Furthermore, I have needed these testimonies, not just when I was transiting from patriarchy to egalitarianism, but continually, to this very day. My wife has reminded me from time to time, “You’re not as feminist as you think you are.” I used to bristle when she would say that, for I had congratulated myself on having had my “conversion experience” to egalitarianism and I was now a fully enlightened man, totally emancipated from sexism, and (let’s be honest) a pretty admirable guy. But I have come to see, at least a little more clearly over the years, just how deeply entrenched are the “gender scripts” that I have tended to follow all along. I have not “arrived” at entire sanctification and I do not dwell in the New Jerusalem. I continue to mistreat women despite my sincere intention not to do so, and I have concluded that only women can help the situation by notifying me that, yes, John, you’re doing it again or, no, you failed this time to do what was appropriate. To recommend such action is not—horrors!—to blame women for my enduring sexism: “Since you aren’t complaining enough, it’s your fault I’m still mistreating you.” It is instead to say that if women want men to change in this way, then this is one crucial thing women can do to help us do so.

I recognize, of course, that not all men want to be so reminded. Many women do not have men in their lives who want to hear what they have to say. All sensible people, therefore, need to pick their battles and their moments. So women today will have to do what women have always done: press on, regardless, to make the best of their situation, to provide good examples to those women and men under their influence, to voice their concerns where and when they can, and to hope for something better, if only for their daughters.

Still, feminist psychologist Virginia Vanian urges women not just to wait for a brighter day, but to speak up now, and particularly about the small things that women tend just to swallow and endure. She points out that repeated small slights can constitute large-scale social patterns of repression—that mountains can, in fact, arise out of the accumulation of molehills. So women can and must do something to keep the pattern from being reinforced again and again in the “minor” interactions of each day. Add your anomalies to the paradigm to help collapse it, or it will remain your prison—and, indeed, the prison that disadvantages all of us.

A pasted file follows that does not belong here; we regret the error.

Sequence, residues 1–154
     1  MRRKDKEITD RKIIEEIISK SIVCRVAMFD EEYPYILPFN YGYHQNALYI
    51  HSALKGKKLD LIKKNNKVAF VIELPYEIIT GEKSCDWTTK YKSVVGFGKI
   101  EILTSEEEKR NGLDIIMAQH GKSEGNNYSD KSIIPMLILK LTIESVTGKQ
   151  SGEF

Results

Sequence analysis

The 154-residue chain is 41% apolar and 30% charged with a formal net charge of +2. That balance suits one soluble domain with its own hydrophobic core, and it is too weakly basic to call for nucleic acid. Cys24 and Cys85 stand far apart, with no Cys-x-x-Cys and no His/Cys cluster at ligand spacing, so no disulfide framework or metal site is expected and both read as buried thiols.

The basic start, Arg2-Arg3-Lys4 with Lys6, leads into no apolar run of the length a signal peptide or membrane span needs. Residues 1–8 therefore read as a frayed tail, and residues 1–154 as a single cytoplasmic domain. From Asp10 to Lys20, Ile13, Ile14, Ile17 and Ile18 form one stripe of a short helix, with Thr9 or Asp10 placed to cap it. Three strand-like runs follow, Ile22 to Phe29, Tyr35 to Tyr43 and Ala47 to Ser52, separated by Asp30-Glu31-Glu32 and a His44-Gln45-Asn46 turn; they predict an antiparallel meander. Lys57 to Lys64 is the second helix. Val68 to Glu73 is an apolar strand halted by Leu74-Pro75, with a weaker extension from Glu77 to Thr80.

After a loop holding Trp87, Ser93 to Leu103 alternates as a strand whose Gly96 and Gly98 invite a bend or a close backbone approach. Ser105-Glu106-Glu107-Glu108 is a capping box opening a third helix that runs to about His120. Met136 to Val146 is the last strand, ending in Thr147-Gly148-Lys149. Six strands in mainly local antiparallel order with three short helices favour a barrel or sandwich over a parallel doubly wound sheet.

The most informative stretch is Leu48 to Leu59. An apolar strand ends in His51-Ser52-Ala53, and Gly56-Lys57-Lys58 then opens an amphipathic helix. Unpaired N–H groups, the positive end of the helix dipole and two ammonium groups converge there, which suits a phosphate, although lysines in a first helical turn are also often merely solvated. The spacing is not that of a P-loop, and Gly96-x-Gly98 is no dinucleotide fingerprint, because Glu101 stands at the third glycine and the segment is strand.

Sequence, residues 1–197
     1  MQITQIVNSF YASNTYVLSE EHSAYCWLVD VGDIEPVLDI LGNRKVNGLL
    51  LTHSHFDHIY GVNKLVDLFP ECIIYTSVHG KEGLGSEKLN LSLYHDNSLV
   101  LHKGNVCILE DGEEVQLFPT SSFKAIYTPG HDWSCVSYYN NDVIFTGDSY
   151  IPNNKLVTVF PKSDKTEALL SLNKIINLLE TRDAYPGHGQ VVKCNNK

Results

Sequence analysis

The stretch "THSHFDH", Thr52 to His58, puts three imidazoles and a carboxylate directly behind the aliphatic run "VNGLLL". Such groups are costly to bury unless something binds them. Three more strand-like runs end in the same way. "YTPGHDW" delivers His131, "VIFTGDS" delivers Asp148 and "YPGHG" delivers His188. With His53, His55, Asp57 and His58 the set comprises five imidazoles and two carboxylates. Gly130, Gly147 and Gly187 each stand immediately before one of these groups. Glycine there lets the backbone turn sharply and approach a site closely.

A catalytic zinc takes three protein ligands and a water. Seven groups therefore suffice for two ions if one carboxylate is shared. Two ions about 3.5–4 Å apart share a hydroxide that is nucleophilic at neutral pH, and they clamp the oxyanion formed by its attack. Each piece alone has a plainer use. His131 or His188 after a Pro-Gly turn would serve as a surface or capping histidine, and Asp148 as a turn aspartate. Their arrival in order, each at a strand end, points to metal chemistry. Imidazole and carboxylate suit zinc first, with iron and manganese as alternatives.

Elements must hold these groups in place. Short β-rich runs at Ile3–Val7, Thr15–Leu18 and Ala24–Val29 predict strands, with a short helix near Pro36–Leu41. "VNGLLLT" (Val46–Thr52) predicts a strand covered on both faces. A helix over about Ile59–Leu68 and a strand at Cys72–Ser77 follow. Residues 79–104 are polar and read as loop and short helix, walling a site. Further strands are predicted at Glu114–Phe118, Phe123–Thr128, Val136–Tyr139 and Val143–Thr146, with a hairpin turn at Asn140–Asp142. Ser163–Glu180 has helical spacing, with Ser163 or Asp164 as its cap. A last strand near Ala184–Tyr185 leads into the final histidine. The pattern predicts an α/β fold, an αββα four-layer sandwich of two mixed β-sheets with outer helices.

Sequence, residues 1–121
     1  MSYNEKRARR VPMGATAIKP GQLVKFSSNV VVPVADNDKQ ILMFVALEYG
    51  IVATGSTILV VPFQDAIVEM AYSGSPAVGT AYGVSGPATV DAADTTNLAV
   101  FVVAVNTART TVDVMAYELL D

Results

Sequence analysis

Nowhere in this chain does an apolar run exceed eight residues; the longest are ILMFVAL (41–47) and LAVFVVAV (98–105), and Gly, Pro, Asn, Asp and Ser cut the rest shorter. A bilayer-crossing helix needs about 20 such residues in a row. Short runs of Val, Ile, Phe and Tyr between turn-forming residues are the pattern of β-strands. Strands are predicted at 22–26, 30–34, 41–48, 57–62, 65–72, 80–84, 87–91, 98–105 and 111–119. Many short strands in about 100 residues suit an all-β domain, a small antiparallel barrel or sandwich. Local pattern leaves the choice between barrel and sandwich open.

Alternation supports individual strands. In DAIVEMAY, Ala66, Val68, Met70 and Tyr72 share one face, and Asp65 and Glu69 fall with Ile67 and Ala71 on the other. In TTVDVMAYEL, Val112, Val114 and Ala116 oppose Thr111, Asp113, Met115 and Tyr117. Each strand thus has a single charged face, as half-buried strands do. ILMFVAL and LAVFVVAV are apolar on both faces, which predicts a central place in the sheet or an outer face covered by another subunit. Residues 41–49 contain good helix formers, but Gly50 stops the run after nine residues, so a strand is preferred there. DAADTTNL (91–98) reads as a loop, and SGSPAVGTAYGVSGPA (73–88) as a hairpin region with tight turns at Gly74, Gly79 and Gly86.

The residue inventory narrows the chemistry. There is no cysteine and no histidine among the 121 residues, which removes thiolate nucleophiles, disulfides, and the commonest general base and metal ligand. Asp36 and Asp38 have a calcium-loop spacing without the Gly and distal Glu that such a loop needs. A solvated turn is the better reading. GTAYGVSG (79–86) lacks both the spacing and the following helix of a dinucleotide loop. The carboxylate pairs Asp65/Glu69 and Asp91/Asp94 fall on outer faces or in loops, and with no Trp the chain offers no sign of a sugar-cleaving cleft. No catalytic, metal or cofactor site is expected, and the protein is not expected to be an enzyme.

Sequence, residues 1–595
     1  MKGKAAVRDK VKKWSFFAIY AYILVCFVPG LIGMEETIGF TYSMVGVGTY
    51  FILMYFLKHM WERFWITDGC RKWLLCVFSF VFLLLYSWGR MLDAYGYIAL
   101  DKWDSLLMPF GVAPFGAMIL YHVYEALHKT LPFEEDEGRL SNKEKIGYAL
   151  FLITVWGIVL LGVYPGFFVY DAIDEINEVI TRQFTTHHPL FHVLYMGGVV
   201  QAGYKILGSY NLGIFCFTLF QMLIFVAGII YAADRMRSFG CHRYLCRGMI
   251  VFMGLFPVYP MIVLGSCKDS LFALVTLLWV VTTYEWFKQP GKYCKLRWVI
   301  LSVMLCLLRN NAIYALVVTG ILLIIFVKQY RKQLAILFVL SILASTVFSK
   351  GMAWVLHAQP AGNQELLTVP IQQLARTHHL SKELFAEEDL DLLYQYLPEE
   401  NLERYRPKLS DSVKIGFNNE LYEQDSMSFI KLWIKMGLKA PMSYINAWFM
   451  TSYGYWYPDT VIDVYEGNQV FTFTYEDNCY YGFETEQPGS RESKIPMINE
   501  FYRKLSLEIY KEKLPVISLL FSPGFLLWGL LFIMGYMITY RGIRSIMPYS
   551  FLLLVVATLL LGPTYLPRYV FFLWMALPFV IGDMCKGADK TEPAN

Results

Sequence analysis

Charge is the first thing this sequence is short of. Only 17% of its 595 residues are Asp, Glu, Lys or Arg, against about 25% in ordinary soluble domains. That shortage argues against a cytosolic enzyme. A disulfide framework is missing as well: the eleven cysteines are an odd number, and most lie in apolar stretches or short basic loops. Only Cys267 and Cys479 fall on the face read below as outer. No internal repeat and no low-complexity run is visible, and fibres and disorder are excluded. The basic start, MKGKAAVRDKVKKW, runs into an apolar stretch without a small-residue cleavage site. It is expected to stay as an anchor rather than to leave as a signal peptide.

Yes, we are to patiently endure each other’s shortcomings and not overreact to the social clumsiness of day-to-day life. And no one wants to be written off as a whiner, much less a shrew. But I, as a man, join with Dr. Vanian to plead with women to speak up more, to acquaint us men better with what’s going on and how it pains you. I know it’s discomfiting and I know it’s unfair (“Why, after all we’ve been through, do we have to keep teaching you men such elementary things?”), but here’s the sober and inescapable truth: If you keep letting patterns persist, then they will persist.

We men, of course, have our corresponding imperatives. We must help to create safe places and occasions in which we welcome women to say the hard things, the painful things, the confrontational things that tell the truth about how things really are. We need to brace ourselves for their words that will dislodge us from our comfortable seats of automatic privilege. And we must prepare ourselves to act on what we hear, not merely to let women vent, endure it with impassivity, and then congratulate ourselves on our magnanimity. For if we listen to women and then do not change, we victimize them twice. And we render ourselves doubly guilty.

All of us need both to see and to feel in order to change, and we men need the help of you women. Only then will we, in return, give you the help of our asymmetric social power that is so long overdue. Most of us men really do love you: We just don’t know how to love you as well as we can! We are responsible to sort ourselves out, of course. But may I ask you women to help us, please, become the egalitarian men we want to be.